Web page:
to view fulltext PDF

9 downloads 4676 Views 193KB Size Report
absent here. • Some characters have a signature extending above the mean line, which is also useful ... digital image make with the horizontal direction.
S¯adhan¯a Vol. 27, Part 1, February 2002, pp. 23–34. © Printed in India

Automatic recognition of printed Oriya script B B CHAUDHURI, U PAL and M MITRA Computer Vision and Pattern Recognition Unit, Indian statistical Institute, 203, B T Road, Kolkata 700 108, India e- mail: {bbc, umapada, mandar}

Abstract. This paper deals with an Optical Character Recognition (OCR) system for printed Oriya script. The development of OCR for this script is difficult because a large number of character shapes in the script have to be recognized. In the proposed system, the document image is first captured using a flat-bed scanner and then passed through different preprocessing modules like skew correction, line segmentation, zone detection, word and character segmentation etc. These modules have been developed by combining some conventional techniques with some newly proposed ones. Next, individual characters are recognized using a combination of stroke and run-number based features, along with features obtained from the concept of water overflow from a reservoir. The feature detection methods are simple and robust, and do not require preprocessing steps like thinning and pruning. A prototype of the system has been tested on a variety of printed Oriya material, and currently achieves 96.3% character level accuracy on average. Keywords. Indian script; Oriya text; character segmentation; skew detection; optical character recognition (OCR). 1. Introduction The subject of character recognition has been receiving considerable attention in recent years due to the advancement of the automation process. Automatic character recognition improves the interaction between man and machine in many applications like office automation, cheque verification, mail sorting, and a large variety of banking, business and data entry applications. Several methods for recognizing Latin, Chinese, and Arabic script have been proposed in the recent past (Mantas 1986; Bozinovic & Srihari 1989; Wang 1991; Mori et al 1992) and commercial OCR systems for these scripts are available in the market. Some pioneering work has been done on Bengali (Bangla) (Dutta & Chaudhuri 1993; Chaudhuri & Pal 1997, 1998) and Devnagari (Sinha 1985; Pal & Chaudhuri 1997) and OCR systems for these scripts are ready for commercialization. Some studies have been reported on Tamil, Telugu and Gurmukhi scripts (Govindan & Shivaprasad 1990; Lehal & Singh 2000; Siromony et al 1978). However, to the best of our knowledge, no work has been done on the Oriya script. In this paper, we are concerned with the recognition of printed Oriya script. In Oriya, the number of characters is large, and two or more characters may combine to form complex shaped 23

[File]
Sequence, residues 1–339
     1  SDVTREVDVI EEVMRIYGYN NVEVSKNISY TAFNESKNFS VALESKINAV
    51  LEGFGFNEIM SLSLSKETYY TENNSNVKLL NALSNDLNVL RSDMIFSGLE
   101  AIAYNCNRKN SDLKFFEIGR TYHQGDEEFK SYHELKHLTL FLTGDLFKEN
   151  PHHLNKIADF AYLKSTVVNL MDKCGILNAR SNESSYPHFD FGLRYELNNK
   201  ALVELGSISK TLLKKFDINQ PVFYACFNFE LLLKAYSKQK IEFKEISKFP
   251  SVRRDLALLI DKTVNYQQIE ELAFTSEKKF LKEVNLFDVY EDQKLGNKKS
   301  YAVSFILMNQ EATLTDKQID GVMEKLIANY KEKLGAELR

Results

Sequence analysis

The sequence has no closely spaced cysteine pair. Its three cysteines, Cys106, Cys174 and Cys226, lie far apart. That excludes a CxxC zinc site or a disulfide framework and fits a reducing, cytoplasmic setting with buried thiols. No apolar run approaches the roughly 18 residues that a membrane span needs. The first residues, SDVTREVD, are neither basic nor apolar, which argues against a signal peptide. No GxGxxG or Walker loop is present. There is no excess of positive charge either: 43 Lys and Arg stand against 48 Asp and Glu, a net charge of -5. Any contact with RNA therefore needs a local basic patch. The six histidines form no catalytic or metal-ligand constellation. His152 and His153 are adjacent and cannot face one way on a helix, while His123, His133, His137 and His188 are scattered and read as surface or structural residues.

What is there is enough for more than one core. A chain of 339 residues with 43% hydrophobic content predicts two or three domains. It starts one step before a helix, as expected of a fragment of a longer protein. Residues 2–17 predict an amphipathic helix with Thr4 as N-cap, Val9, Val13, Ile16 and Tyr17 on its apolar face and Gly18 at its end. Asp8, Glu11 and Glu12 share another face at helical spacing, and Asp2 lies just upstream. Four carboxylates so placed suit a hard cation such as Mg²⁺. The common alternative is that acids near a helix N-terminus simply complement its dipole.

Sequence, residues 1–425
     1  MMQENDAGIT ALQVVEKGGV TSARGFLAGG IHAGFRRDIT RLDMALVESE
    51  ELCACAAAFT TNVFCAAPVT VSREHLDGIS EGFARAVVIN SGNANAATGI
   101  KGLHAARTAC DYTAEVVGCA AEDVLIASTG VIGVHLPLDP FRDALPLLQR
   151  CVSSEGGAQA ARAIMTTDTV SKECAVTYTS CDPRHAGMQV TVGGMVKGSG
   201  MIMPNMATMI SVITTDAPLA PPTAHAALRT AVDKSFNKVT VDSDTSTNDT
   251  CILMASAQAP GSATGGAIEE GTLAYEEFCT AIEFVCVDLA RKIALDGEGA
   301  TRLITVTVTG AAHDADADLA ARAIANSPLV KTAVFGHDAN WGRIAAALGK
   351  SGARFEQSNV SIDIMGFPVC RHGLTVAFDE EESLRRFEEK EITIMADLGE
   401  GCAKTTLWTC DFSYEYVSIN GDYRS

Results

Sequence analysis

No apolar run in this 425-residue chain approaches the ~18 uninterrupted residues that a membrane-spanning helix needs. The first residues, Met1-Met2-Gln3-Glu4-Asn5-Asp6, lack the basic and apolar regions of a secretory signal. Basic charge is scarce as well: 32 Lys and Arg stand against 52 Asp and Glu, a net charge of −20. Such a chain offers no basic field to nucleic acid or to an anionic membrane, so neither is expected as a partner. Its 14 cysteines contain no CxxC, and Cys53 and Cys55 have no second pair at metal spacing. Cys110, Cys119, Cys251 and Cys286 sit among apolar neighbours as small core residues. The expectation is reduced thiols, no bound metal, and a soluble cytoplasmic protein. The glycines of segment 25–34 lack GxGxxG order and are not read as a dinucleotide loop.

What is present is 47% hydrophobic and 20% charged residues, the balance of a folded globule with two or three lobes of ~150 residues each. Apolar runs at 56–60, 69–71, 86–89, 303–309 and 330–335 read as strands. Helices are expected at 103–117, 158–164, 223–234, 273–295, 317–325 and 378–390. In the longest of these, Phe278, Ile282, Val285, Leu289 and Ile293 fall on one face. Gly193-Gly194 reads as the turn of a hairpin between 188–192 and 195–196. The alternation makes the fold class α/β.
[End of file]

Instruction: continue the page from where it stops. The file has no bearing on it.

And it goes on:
B B Chaudhuri et al

characters called compound or clustered characters. As a result, the total number of characters to be recognized is more than 200. Thus, OCR development for Oriya is more difficult than that for any European language script where a relatively small number of characters have to be recognized. In the proposed recognition system, the document image is first captured using a flatbed scanner. The image is then passed through different preprocessing modules like skew correction, line segmentation, zone detection, word and character segmentation etc. These modules have been developed by combining conventional and newly proposed techniques. Next, individual characters are recognized using a combination of stroke and run-number based features, along with features obtained from the concept of water overflow from a reservoir. The organization of this paper is as follows. In § 2, some properties of Oriya script are presented. Text digitization and skew correction techniques are described in § 3. Section 4 deals with line, word and character segmentation. Feature selection and detection are elaborated in § 5. Section 6 describes the character recognition procedure. Results are discussed in § 7, while § 8 concludes the paper. 2. Properties of Oriya script We describe here some properties of the Oriya script that are useful for building the recognition system.

Figure 1. Basic characters of the Oriya alphabet.

Automatic recognition of printed Oriya script


(a) (b) Figure 2. (a) Modified vowels attached to the first consonant of figure 1. (b) Some commonly occurring compound characters.